In February 2019 Sarah Cooke, a 19-year-old student from Missouri, switched her Google Assistant to an English accent (which she calls fancier than the American counterpart). “I think it’s more interesting when I ask a question and it answers in an accent,” she says, “Having questions answered in a British accent makes it seem more believable. It’s just so sophisticated.”
Scientific study yields more answers. “When we hear a voice that we identify as belonging to a certain group of people, our knowledge, assumptions, and stereotypes about that group of people are also activated, and these can be positive or negative,” says Selina Sutton, a PhD student at Northumbria University, author of a paper on how accents affect our experience of tech. Sutton applied sociophonetics – the study of how social factors influence our perception of speech – to voice-user interfaces (VUIs) such as Alexa, Google Assistant and Microsoft’s Cortana.
Sutton’s theory is that the lack of regional accent variation in smart speakers might mean people in, say, Texas, prefer an English accent to the homogeneous “General American” voice on offer.
She also notes that many might “hold the British in high regard” based on stereotypes and other cultural biases. In 2008 the Institute for Infocomm Research in Singapore found that Singaporeans preferred a virtual helpdesk assistant with an English accent – potentially because British culture was viewed as prestigious, while the local Singaporean accent was seen as more casual.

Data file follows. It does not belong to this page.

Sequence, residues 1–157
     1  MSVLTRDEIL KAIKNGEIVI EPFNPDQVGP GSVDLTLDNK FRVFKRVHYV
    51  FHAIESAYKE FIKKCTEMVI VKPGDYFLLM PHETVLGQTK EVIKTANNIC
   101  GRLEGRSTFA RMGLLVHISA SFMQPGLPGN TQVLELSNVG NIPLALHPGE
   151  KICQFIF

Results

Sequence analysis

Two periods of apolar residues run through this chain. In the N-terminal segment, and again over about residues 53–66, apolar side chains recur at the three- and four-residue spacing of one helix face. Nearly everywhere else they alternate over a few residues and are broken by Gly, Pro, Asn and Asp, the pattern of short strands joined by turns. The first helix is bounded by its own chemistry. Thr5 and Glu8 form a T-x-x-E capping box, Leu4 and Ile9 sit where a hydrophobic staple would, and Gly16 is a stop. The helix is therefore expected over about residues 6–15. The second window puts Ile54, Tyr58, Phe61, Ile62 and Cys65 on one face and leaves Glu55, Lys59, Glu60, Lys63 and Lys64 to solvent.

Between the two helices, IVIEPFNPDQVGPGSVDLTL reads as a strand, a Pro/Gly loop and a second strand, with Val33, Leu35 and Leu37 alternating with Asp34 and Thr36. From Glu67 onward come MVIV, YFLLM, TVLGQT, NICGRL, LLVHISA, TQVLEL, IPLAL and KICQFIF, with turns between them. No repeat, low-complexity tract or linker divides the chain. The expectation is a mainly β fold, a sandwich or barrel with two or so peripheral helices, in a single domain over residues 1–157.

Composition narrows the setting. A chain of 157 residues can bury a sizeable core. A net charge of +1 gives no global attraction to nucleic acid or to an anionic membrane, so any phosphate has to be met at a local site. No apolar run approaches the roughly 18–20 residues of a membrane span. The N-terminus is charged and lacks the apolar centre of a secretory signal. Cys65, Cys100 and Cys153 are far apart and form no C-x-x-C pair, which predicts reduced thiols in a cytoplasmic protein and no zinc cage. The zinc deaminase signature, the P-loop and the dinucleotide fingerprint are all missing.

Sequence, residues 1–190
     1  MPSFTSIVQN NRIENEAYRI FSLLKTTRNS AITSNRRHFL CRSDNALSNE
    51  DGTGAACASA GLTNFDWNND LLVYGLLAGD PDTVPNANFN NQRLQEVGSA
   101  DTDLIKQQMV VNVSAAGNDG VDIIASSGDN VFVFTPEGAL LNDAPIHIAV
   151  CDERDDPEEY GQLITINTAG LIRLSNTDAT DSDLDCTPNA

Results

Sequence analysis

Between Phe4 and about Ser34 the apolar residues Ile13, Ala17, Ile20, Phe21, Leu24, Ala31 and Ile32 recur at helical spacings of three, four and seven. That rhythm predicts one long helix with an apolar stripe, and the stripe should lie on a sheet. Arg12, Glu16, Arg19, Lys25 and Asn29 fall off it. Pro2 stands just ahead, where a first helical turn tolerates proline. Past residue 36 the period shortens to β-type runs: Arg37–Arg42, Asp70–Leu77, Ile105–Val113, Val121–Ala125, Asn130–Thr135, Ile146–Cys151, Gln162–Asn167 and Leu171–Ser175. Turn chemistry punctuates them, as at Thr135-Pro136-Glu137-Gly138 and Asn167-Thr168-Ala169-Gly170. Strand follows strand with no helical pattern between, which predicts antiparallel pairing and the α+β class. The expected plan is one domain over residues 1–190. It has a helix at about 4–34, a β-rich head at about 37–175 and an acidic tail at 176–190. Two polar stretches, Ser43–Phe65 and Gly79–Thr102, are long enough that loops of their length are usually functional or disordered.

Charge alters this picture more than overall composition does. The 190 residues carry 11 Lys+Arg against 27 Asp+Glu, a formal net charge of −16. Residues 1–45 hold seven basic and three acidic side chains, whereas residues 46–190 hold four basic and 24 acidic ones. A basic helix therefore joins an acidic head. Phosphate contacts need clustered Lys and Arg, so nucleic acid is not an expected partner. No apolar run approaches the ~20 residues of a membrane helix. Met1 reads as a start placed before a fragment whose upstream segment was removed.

John Baugh, a professor of anthropology at Washington University in St Louis, suggests just how deep – and wrong – these associations can be. His work on “linguistic profiling” argues that we incorrectly associate social characteristics with a person based on their accent. In one key study Baugh adopted different accents when he rang up to answer advertisements for apartments. When he spoke in African-American English rather than “Standard American English”, fewer apartments were offered to him.
“Perceptions of intelligence often correspond to class differences and language usage,” Baugh says, explaining that Americans may feel “linguistic adoration” or “linguistic insecurity” towards the English accent.
“English comes from England,” he says. “The various varieties of English that you see worldwide are the consequences of the historical legacy of British conquest. The perception that proper varieties of English or superior varieties of English are associated with the upper classes in England isn’t just a US phenomenon. You can find it in India, you can find it in Hong Kong.”
But what happens when a country loses some international standing? When, for example, it holds a referendum that causes years of political turbulence? “I don’t think it will make a difference,” laughs Baugh. “The language comes from your country.”